Adrienne Elizabeth Moncrief
Home Town: Cavan, Ontario
Training Division: Depot
Troop: TR. 7 1976/77
Regimental Number: 33568
Divisions Served: “E” and “HQ”
Medals & Honours: Silver Long Service Medal and Queen Elizabeth II Golden Jubilee Commemorative Medal
Pillar Location: Pillar IX, Row 2, Column C
In 1975, concurrent with enrollment in a two year Legal Secretarial Diploma Program at Sir Sandford Fleming College in Peterborough, Ontario, Adrienne Moncrief began searching for careers that were more in keeping with her evolving interests. Encouraged by the RCMP service of two of her cousins, Constables (Csts.) Alan and Blair Nicholson, Adrienne joined the RCMP in 1976, following completion of her College Diploma.
For Cst. Moncrief, training at the RCMP Academy while rigorous, introduced a new world of possibilities. It was an environment that both challenged and inspired.
In March 1977, following graduation from ‘Depot’, Cst. Moncrief transferred to her first post in ‘E’ Division, at North Vancouver Detachment and was assigned to General Duty Patrol. During the four years that Cst. Moncrief served at North Vancouver Detachment, some of the highlights from this period included: two successful witness protection assignments with the combined RCMP/Vancouver City Police Task Force know as the ‘Coordinated Law Enforcement Unit’; serving as a Recruit Field Trainer; and assignments with almost all of the Detachment’s Specialized Sections including: General Investigations; Drugs; Fraud; Identification; the Police Service Dog Unit; and the Reader’s Office. In addition, North Vancouver Detachment is where Cst. Moncrief met Cst. Brezovski whom she married in 1979.
In 1980, Cst. Moncrief was recommended for ‘specialized investigations’ and was transferred to Vancouver Commercial Crime Branch in 1981. Initially posted with the Branch’s Income Tax Evasion Section, Cst. Moncrief was sponsored, the following year, to attend the University of British Columbia’s (UBC’s) Faculties of Commerce and Law on a full time One Year Non-Degree Program. Upon completion of the Program, Cst. Moncrief returned to Vancouver Commercial Crime Branch and was assigned to the Stock Market Manipulation Section. During the four years that Cst. Moncrief was attached to this Section, she felt particularly fortunate to have the mentor ship of both Prosecutors and Accountants, who assisted Investigators with the major files. Throughout this period, Cst. Moncrief continued to enhance her skills, participating in part time and in-service training courses which included obtaining VIP Security qualifications. These specialized qualifications prepared her for additional duty assignments providing protection to Royalty, various Heads of State and Dignitaries who visited Vancouver during Expo ’86 and the Federal Election Campaign. In 1987, Cst. Moncrief diversified her experience, briefly transferring to the Branch’s Corporate Investigation Section before commencing Law School full time, in September, sponsored by the RCMP. 1987 was the first time that the RCMP sponsored two female Regular Members to attend the three year Law Program at UBC.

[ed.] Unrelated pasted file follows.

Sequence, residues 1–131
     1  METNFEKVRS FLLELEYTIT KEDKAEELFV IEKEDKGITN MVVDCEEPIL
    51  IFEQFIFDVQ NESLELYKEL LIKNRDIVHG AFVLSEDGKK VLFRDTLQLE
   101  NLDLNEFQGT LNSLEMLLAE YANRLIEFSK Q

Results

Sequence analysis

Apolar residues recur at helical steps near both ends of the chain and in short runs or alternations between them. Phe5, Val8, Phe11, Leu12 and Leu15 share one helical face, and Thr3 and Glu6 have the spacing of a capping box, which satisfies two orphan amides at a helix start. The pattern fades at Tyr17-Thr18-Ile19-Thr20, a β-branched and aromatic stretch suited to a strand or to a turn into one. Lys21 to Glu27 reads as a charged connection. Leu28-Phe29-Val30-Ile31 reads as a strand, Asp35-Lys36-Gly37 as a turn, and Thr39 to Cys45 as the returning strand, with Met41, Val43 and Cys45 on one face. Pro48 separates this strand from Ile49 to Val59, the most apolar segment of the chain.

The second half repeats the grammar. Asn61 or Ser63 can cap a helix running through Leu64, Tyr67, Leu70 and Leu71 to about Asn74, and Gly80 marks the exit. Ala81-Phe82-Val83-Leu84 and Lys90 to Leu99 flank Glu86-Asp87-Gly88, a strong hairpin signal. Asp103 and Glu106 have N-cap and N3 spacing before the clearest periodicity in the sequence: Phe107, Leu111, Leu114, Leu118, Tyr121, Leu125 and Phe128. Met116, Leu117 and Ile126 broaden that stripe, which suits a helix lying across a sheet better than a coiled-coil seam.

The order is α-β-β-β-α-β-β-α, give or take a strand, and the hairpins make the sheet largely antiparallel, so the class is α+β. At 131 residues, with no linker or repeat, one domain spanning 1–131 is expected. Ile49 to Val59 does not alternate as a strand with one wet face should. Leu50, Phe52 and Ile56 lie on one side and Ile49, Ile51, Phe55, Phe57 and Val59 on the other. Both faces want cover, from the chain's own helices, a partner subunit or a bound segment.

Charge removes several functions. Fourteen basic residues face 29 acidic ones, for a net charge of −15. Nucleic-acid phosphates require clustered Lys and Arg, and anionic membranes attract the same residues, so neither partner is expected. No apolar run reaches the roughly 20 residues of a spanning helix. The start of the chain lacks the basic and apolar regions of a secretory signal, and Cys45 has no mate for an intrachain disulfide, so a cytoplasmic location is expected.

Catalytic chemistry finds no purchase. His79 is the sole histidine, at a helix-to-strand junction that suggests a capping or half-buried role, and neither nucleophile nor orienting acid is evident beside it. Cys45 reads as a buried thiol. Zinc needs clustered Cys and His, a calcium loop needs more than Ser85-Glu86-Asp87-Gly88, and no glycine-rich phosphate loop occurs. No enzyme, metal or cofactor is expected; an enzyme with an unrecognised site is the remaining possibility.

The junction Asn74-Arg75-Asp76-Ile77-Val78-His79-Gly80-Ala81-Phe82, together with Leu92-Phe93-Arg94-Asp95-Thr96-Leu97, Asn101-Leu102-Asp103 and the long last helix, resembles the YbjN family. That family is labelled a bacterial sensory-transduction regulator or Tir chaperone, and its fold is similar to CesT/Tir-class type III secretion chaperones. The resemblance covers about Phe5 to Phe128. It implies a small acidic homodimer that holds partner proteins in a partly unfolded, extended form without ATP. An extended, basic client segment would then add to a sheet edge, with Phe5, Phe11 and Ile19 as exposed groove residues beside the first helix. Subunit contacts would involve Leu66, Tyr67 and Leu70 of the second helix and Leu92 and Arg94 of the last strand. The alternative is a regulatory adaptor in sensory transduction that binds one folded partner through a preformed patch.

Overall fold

In 1990, following completion of her Law Degree (LLB), Cst. Moncrief returned briefly to Vancouver Commercial Crime Branch, joining the Intelligence Section, before winning her first promotion to Corporal (Cpl.) and transferring to the ‘E’ Division Criminal Operations Policy Unit.
In 1990, the Criminal Law and Police Operations were rapidly changing with such significant influences as the Supreme Court of Canada’s interpretation of the ‘Charter of Rights and Freedoms’. The extent of these influences were captured in a paper, to which Cpl. Moncrief contributed, titled “The Impact of the ‘Charter of Rights and Freedoms’ on the Law Enforcement Responsibilities of the Canadian Police” which was presented at the 1991 International Conference on the ‘Hong Kong Bill of Rights’ and, published in 1993, by Butterworths, under the title “The Hong Kong Bill of Rights: A Comparative Approach”. In this significant period of Criminal Operations Policy development, Cpl. Moncrief relished the opportunity to contribute, assisting with one of the first Crown/Police Protocols on the Disclosure of Police Notes that was used in the Division.